Cadet Lowdermilk training in Kuwait

USACE Middle East District
Published June 12, 2018
Mentor MAJ Chelsey O’Nan, MED program manager forward and mentee Cadet Samantha Lowdermilk in Kuwait during Lowdermilk's assigned summer cadet leadership training opportunity with the U.S. Army Corps of Engineers (USACE) Middle East District (MED) through the Army ROTC program at the University of Virginia.

Mentor MAJ Chelsey O’Nan, MED program manager forward and mentee Cadet Samantha Lowdermilk in Kuwait during Lowdermilk's assigned summer cadet leadership training opportunity with the U.S. Army Corps of Engineers (USACE) Middle East District (MED) through the Army ROTC program at the University of Virginia.

When Cadet Samantha Lowdermilk was assigned a summer cadet leadership training opportunity with the U.S. Army Corps of Engineers (USACE) Middle East District (MED) through the Army ROTC program at the University of Virginia, it was something both old and completely new to her.

Lowdermilk’s father Scott Lowdermilk, an Army civilian and a colonel in the Army Reserves with USACE’s Transatlantic Division, has worked for USACE longer than she’s been alive but like most children, she didn’t pay close attention to his work.

“I saw enough that I wanted to follow him into the Army, and he’s talked to me a lot about the different branches so I understand my options,” said Lowdermilk, “but we’ve never really talked that much about his job with the District and Transatlantic Division until I found out I got this internship.”

Over her time with MED, Lowdermilk, a rising senior and international affairs major at UVA, had the chance to learn about the USACE mission, gain perspective from several different officers and travel to the Middle East for a firsthand look at MED project sites.

One of the officers who was able to mentor her was Major Chelsey O’Nan, a MED program manager forward based in Kuwait. O’Nan noted how unique the opportunity was for Lowdermilk.

“This was a really good opportunity for her,” O’Nan said. “Not only did she get to travel to a part of the world few other cadets will have the chance to go, she also got a look at one of the hidden novelties of the Engineer Regiment, USACE. Cadet Lowdermilk received the chance to spend time working with an organization that’s primarily civilian and meeting some of the civilians who serve their country overseas in a contingency area, something few military engineers get to do or see.”

Lowdermilk appreciated her chance to talk to O’Nan and get the perspective she offered.

“The Engineer branch is one of my top choices coming out of school but I’m actually majoring in foreign affairs. Talking to Major O’Nan was great because her undergraduate degree was in economics. She has a graduate degree in engineering management. It was motivating to meet an officer in the Engineer Branch who isn’t an engineer but is still doing exciting, valuable work for USACE,” she said.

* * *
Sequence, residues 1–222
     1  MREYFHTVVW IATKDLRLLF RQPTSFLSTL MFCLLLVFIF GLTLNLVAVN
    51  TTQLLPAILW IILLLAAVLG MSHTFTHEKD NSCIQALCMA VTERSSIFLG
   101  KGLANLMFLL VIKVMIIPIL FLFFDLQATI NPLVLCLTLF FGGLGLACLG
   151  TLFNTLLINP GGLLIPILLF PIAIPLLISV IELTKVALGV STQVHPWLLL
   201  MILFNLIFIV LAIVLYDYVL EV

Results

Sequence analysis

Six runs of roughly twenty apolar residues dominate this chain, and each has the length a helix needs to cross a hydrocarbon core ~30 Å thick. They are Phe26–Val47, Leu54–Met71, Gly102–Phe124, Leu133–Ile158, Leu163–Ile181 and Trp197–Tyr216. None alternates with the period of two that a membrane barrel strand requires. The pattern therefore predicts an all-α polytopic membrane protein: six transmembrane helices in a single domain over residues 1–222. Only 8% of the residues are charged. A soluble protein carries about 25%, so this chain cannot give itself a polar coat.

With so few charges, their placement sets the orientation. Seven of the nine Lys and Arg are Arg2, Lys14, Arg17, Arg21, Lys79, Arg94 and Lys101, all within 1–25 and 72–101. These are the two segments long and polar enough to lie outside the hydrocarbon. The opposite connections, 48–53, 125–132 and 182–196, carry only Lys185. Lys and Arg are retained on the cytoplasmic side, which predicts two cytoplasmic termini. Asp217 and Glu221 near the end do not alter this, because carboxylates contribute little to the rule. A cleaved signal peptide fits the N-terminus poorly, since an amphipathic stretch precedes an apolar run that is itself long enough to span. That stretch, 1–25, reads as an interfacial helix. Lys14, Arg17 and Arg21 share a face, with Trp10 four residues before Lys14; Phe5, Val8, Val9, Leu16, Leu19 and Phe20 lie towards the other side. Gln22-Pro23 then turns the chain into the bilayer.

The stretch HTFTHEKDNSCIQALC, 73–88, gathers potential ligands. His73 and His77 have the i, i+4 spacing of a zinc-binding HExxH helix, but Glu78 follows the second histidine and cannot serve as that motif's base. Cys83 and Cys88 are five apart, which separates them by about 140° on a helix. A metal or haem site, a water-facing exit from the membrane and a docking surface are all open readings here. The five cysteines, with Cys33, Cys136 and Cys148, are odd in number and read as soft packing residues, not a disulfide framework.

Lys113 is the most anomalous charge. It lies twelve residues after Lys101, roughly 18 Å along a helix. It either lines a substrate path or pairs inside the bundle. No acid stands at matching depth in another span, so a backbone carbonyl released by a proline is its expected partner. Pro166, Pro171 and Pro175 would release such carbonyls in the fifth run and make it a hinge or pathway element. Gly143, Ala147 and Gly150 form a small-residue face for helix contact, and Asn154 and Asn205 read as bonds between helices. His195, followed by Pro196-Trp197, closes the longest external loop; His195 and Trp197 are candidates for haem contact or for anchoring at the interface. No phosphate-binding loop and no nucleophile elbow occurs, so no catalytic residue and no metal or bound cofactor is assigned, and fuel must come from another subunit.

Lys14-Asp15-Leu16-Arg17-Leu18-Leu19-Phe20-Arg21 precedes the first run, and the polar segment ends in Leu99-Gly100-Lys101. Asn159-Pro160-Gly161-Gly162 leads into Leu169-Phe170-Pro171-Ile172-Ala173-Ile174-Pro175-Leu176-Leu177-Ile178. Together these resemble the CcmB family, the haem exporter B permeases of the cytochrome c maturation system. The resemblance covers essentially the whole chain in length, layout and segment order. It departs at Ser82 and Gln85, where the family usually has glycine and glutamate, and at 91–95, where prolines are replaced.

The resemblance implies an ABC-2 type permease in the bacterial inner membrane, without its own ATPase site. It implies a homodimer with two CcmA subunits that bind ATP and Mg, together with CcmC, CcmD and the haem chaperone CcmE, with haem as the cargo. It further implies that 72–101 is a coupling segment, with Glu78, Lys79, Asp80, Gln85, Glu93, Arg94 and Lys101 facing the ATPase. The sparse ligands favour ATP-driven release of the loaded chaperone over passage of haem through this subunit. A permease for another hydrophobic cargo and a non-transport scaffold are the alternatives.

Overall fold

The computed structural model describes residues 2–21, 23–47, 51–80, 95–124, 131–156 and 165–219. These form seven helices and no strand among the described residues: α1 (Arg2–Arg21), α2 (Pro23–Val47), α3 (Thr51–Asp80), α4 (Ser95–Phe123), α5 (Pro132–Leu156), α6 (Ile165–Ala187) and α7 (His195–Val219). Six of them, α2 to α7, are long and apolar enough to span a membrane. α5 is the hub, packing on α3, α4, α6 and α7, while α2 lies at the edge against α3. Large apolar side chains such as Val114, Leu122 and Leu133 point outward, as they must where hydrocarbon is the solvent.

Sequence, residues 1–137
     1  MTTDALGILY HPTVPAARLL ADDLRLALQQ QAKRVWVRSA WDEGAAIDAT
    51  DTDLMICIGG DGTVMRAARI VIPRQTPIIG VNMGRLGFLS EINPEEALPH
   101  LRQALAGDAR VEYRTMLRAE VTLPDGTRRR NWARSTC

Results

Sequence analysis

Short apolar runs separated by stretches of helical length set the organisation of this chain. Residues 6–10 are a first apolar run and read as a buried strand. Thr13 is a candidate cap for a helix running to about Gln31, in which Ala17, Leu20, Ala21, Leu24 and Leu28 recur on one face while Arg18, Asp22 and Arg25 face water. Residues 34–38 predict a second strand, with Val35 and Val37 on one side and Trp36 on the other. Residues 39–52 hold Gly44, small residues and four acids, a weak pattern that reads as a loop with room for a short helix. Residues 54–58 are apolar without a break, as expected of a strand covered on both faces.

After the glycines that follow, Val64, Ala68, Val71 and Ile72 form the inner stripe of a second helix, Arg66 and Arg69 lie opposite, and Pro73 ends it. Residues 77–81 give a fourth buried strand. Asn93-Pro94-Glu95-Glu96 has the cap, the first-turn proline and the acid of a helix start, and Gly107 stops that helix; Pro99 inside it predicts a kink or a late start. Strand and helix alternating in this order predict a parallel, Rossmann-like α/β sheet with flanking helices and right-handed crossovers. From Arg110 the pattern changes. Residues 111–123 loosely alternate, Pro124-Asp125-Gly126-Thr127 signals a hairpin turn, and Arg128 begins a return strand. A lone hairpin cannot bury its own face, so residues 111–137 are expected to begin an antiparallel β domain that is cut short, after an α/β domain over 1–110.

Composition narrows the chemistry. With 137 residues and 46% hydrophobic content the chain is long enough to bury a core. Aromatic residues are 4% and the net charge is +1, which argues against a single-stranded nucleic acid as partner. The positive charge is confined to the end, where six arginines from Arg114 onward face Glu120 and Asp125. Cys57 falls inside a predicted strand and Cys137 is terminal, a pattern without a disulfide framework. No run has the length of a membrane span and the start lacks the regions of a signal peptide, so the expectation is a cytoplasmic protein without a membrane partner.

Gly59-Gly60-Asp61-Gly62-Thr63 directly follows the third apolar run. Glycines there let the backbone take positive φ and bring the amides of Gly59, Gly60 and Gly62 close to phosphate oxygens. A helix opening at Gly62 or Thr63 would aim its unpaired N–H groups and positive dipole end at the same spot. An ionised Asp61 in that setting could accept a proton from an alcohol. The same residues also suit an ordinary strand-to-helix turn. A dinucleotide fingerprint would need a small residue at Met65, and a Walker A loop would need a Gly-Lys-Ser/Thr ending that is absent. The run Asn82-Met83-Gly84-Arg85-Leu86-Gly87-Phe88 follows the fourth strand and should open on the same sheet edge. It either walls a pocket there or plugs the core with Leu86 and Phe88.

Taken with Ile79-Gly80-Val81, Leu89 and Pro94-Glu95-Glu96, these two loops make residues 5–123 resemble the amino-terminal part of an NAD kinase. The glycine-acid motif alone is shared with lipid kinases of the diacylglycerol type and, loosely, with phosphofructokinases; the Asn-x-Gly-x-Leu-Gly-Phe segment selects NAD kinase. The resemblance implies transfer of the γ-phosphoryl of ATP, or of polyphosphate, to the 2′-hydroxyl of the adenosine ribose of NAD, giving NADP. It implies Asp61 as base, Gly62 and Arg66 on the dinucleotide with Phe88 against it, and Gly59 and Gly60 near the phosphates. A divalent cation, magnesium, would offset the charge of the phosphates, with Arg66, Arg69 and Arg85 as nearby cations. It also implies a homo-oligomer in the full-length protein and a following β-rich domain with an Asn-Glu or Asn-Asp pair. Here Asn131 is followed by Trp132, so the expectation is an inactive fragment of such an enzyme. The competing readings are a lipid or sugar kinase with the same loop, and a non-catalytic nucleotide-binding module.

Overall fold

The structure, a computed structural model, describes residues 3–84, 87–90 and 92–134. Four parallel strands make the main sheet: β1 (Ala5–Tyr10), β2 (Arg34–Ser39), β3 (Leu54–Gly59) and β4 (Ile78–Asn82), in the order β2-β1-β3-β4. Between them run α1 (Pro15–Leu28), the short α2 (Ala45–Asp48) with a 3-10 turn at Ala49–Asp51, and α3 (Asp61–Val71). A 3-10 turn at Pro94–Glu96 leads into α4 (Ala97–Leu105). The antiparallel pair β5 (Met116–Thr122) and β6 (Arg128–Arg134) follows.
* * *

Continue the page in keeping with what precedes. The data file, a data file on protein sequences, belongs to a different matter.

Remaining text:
According to Lowdermilk, some of the highlights of her trip were getting to see firsthand an overseas contingency location, visiting with the 395th FEST and sitting in on several meetings with some of MED’s foreign partners.

“I enjoyed meeting the FEST because it was a chance to see actual military engineers using the skills and degrees they went to school for.  And as an international affairs major it was valuable for me to see how USACE fits into our overall national security by building these relationships with militaries from other countries and to observe things like how we take into account cultural considerations and their impact on projects, particularly during Ramadan when I was over there. “

Colonel Stephen Bales, MED’s commander agreed with Lowdermilk during an out brief she presented to district personnel about her experience.

“I’m really glad you’ve made the most of your time with us,” Bales said. “Few other cadets will get to experience in an organization as diverse as ours in terms of people, projects and the different countries we work in while supporting CENTCOM.”

Lowdermilk, who spent time at the district’s headquarters in Winchester, VA, as well as in Kuwait, noted the value in seeing both sides of the district’s operations.

“As an example, I got to talk to contracting officers in Winchester and then their counterparts in the field.  It really takes both sides working together to make things work.”

Lowdermilk finished her CLT with the district on 8 June and will return to UVA in the fall. She graduates in 2019 and hopes to go directly on active duty as an Army officer in either the military intelligence or engineering branch.



The U.S. Army Corps of Engineers Transatlantic Division serves as USACE’s tip of the spear in one of the most dynamic construction environments in the world, STRENGTHENING PARTNERSHIPS, BUILDING CAPACITY, and ENHANCING SECURITY for our nation, allies, and partners. 

We deliver agile, responsive, and innovative, design, construction, engineering and contingency solutions in support of U.S. Central Command, U.S. Special Operations Command and other global partners to advance national security interests.

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